My cupcakes, in all their glory!

So remember, ladies, Valentine's is about Love, about the existence of love, the joy of it, and that we have it in our lives. It is also about feeling good about yourself, and achieving that in any way you see fit - go to a spa (or make your own with some candles and bubblebath), wear pink eyelet dresses, make a new costume for a dance, or spend the evening singing to Ingrid Michaelson's "Everybody" and baking cupcakes! <3
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Wednesday, February 10, 2010

Rockin' The Rococo

Today we've got reason to celebrate! Paper Moon, a local shop in Reno (where yours truly resides) has placed an order for American Duchess t-shirts! Now shabby-rococo-victoriana goodness will be available in a real honest-to-goodness, bricks-n-mortar boutique! I feel a strong need to throw a cupcakes n' champagne party to celebrate, at the end of March, when the tees will be available in the shop. Woo!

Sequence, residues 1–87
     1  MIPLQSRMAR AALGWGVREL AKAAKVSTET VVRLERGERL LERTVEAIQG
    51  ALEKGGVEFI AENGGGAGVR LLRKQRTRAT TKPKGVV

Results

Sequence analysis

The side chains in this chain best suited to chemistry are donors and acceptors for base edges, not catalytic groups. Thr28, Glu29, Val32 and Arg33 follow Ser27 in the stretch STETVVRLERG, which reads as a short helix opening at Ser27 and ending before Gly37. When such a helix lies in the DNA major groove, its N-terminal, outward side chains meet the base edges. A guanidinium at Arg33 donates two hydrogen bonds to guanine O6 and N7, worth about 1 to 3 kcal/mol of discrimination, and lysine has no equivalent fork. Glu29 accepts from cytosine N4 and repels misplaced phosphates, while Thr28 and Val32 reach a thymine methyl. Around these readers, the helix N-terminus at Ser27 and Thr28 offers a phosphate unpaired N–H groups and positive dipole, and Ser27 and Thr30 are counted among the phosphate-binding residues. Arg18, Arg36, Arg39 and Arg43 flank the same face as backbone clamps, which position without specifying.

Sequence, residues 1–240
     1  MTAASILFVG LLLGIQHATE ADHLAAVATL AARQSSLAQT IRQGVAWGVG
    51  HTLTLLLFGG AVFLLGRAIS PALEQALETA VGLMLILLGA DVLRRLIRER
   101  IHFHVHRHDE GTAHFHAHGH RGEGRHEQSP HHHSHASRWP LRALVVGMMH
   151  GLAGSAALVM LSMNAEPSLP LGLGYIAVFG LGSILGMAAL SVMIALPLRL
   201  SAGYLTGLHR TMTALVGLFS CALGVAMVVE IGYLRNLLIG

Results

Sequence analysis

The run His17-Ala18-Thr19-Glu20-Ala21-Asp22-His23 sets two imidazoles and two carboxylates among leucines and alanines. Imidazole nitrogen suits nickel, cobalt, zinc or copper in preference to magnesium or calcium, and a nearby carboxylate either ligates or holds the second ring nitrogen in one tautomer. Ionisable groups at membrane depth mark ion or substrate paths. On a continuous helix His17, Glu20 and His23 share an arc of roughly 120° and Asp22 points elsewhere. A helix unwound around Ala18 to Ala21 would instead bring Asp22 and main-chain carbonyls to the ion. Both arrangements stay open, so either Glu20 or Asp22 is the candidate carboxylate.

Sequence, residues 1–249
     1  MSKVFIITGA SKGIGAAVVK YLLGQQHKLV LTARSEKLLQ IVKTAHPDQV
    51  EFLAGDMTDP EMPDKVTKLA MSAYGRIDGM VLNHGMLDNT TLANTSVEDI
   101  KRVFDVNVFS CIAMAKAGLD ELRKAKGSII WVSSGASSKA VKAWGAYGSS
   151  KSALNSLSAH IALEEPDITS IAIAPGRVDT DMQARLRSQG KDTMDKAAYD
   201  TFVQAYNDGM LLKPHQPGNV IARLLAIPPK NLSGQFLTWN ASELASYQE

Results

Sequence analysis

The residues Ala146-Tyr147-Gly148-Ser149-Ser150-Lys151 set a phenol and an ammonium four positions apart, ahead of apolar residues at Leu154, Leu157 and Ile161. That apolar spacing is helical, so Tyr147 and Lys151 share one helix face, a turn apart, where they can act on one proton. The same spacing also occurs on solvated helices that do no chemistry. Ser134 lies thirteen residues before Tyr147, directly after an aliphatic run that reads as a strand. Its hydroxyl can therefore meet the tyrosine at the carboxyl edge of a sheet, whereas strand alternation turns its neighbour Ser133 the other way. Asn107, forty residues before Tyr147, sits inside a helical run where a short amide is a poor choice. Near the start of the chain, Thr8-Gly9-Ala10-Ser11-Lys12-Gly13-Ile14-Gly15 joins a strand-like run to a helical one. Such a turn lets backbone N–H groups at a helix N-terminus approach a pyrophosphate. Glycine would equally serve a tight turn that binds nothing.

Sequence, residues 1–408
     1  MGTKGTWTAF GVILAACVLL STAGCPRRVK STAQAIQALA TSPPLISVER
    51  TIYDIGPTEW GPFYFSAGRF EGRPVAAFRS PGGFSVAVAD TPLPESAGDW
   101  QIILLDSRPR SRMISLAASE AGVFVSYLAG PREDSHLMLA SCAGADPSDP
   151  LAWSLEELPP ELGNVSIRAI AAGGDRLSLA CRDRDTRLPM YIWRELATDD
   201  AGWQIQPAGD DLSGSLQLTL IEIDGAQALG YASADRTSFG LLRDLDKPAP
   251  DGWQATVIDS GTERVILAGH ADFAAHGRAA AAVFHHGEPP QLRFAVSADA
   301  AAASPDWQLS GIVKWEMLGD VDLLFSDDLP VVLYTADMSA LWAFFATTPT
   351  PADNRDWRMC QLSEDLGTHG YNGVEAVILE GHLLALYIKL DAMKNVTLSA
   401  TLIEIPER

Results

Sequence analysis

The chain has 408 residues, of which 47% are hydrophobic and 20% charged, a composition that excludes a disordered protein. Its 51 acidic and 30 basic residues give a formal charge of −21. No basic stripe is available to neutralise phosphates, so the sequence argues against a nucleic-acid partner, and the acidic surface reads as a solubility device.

You can buy these graphic tees in the American Duchess Etsy shop (while supplies last!). Become a fan, shop, follow, and help support the Rococo lifestyle we all love!
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Tuesday, February 9, 2010

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Monster Head: Dealing With Problem Wigs


Once upon a time I cut my hair short. Really short. As a costumer, this presents certain challenges, which I decided could and would be solved by embarking on a journey into the world of wigs.